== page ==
But then the worst happened, the same thing that had happened when he was working in the fields of the rich widow. The fine-looking stalks carried only empty ears, with not a grain of rice in them! He asked himself, in despair, "Can it be that this woman, too, has made no offering to the spirits? Or can it be that I am the one who brings bad luck to people?"

He couldn't bear to tell the old woman what was troubling him. She would find out for herself soon enough, when she went into the field for the harvest.

As the day drew near Dongso grew sadder and sadder. The night before the harvest he couldn't sleep a wink. He lay on his mat, tossing from side to side, thinking of the empty ears of rice in the field and how unhappy the old woman would be. The more he thought about it, the more he felt that he could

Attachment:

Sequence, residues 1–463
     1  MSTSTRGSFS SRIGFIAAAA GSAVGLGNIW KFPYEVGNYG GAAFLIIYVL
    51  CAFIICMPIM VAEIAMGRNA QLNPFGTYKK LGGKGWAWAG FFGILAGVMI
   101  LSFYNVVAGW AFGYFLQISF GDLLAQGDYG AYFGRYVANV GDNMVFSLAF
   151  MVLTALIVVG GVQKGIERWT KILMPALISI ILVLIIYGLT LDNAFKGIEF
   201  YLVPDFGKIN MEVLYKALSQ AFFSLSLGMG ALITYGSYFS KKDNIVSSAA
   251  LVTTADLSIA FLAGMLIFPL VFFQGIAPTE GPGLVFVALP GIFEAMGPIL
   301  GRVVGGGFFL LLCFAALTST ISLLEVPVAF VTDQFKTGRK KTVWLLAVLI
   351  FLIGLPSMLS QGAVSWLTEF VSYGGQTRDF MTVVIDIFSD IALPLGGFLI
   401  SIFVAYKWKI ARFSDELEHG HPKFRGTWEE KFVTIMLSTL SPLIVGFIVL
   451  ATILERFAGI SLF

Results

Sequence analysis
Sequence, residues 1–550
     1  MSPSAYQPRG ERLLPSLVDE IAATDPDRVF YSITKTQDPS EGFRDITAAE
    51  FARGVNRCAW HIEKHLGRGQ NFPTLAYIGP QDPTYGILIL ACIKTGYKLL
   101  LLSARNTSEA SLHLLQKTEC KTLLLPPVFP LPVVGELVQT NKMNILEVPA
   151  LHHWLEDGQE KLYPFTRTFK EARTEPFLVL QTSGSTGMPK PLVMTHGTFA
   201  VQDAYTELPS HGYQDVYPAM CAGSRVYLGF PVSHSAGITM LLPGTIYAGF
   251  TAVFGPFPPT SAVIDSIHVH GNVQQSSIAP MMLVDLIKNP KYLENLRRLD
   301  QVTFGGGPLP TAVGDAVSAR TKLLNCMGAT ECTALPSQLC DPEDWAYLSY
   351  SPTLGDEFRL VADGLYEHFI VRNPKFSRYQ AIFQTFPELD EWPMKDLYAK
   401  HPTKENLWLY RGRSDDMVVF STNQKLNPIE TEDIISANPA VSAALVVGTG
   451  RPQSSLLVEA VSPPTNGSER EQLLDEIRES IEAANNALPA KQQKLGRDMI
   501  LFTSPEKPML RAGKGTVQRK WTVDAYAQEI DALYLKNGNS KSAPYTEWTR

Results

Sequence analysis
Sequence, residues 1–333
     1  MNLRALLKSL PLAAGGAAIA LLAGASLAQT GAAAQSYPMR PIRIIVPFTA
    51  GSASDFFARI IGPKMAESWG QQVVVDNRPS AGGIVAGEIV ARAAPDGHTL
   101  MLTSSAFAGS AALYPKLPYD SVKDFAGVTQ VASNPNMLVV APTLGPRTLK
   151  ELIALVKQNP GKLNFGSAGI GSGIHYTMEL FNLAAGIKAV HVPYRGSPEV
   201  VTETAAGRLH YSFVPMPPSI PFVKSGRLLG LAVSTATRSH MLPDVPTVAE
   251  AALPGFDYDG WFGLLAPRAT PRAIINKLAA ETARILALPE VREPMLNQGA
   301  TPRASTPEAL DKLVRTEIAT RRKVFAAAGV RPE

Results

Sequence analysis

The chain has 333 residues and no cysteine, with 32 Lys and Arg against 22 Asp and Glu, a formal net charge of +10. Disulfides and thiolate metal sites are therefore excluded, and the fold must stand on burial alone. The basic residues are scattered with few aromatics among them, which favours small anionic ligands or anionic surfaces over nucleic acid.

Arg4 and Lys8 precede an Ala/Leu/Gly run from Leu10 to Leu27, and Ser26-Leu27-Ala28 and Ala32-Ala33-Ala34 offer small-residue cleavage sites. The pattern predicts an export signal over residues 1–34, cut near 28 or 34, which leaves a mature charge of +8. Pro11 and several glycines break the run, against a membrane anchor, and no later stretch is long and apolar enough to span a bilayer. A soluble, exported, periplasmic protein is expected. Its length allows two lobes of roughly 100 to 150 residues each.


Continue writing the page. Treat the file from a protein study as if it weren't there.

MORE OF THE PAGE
not face her disappointment when she opened the ears of rice that had been cut. Very early, long before sunup, he would leave the village; he would steal away as he had come, and beg from door to door till he found work again.

As quietly as a mouse he crept out of the hut next morning and started for the road. But before he left the village for good, he had to look once more at the little sawah where he had labored so long and faithfully. Walking sadly between the tall stalks, he looked again at the golden-yellow, empty ears. Idly he plucked one off and opened it. As he had thought, there were no rice grains in it.